They would usually hold their own guns to their heads and simply pull the trigger. In some other cases, men would stand in open range and allow themselves be shot by their enemy. As proven in the above paragraphs, life in the trenches in World War One was terrible. Soldiers' day-to-day lives were full of lice, rodents, disease and death. Many men were killed, even more injured, and tons left
The boys got hooked onto this propaganda and registered for WWI. This lead to deaths, trauma, and fear of the boys.The boys grow to hate war and what its all about. Kantorek is eventually drafted into war himself, and begins to despise his own teachings of what war was, after experiencing the trenches.
It was then that Paul realized the true agonies of war—surviving the agony of war forces one to learn to disconnect oneself from emotions like grief, sympathy, and fear. All of these conditions combined greatly affected the mental and physical health of the soldiers in World War
They hated the war and lost their lives. The book proved the quote wrong because the quote stated you can't go through life without trust however trust was the major flaw of the characters in All Quiet on the Western Front. The group of friends were unable to live a long prosperous life because of their teacher Kantorek. If they
Many of the men come to war somewhere between the age of 18 and 21, and are forced to deal with things no one else their age would have to. Those who are younger, quickly lose their innocence, faith, and sometimes even their mind. As they go through the war they see so many things such as death, wounds, and others losing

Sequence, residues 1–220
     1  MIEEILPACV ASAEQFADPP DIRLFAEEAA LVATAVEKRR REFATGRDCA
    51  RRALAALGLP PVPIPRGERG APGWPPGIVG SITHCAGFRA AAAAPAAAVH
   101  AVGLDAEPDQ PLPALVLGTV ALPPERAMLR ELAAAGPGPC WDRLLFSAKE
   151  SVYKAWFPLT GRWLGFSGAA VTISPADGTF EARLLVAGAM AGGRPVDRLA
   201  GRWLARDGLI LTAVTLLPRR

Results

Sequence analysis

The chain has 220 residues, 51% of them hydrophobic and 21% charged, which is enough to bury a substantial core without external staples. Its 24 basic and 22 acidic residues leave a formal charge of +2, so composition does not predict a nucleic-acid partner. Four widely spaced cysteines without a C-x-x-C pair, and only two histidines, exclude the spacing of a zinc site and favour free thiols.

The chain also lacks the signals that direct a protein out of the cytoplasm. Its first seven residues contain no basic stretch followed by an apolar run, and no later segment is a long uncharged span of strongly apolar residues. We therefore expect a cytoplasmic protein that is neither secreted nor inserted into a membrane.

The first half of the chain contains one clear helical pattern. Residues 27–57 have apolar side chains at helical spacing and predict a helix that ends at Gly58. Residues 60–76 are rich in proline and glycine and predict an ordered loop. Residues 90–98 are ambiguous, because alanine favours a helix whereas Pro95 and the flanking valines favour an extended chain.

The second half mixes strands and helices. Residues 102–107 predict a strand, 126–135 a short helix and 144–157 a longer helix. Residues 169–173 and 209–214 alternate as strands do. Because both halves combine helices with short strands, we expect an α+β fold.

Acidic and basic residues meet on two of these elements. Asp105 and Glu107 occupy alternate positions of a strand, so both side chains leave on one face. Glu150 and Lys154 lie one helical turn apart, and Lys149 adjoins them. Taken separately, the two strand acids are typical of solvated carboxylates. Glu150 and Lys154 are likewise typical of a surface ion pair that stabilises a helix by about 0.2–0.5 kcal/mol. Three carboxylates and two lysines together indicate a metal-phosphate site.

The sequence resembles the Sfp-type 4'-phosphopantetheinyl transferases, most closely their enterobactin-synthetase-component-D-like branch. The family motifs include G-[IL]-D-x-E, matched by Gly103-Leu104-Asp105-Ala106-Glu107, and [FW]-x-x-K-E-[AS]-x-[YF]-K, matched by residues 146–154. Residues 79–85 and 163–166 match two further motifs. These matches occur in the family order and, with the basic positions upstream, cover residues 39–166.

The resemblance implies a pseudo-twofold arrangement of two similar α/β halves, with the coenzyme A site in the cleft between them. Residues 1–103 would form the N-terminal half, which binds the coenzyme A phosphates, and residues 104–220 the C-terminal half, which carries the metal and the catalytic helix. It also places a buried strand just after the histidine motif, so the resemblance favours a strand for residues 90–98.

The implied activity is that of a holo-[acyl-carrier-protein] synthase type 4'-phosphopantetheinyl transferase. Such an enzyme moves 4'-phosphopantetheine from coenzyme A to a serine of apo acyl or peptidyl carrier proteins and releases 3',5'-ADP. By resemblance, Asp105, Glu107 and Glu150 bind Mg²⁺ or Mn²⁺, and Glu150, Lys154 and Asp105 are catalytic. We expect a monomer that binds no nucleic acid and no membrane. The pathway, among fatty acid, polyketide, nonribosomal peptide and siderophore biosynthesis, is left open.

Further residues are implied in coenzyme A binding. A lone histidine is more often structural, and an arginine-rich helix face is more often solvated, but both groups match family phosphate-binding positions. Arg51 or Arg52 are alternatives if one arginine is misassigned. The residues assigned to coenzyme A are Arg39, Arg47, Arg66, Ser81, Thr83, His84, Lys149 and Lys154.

Paul and his friends experienced death scenes from the ones that stood by them since they stepped foot on the battle field to the ones on the other side. They thought war was glorious and honorable. They then realized war was just a brutal thing. What they repeatedly asked themselves was: “Then what exactly is the war for?” (205).
We have drug wars, riots, and personal wars; and these go on every day of our lives, most going un-known except by the people it directly affects. I am terrified to have to live in the trenches where you would never have a bath and there are rats and other animals running around the place, and having the thought in your head there you probably going to die and never seeing your children, family, friends, love ones ever again, and the thought that you have to kill other people just to
In his preface to the novel, Remarque maintains that "a generation of men ... were destroyed by the war" (Remarque, All Quiet Preface). Baumer's closest comrades fall one after the other. The conditions in the German army are to harsh, they have no food, ammunition, moral is low they could not keep fighting. An important episode in the novel is when Baumer is issued a period of leave when he visits his home town. This leave is disastrous for Baumer because he realizes that he can not communicate with the people on the home front because of his military experiences and their limited, or nonexistent, understanding of the war.
North Vietnamese were against the Americans during the war and had multiple reasons in hating Americans. Some reasons they hated Americans were because the North Vietnamese “deaths were very many” (Adams) and because of the “the poisons Americans dropped” (Adams) onto their land. By having so many deaths, the families of those people were sad and the North Vietnamese troops lessened. The poisons
Also, he is ashamed of allowing his family to see him the way he is. Besides the couple of nurses that take care of him, he has no one and nothing to live for. Joe Bunham, now injured with no limbs, suffered through the pain that no 20 year old should be going through. The war altered his life to a point where one questions the point of living. What happened to him during the war mentally changed his view on what his future should really be.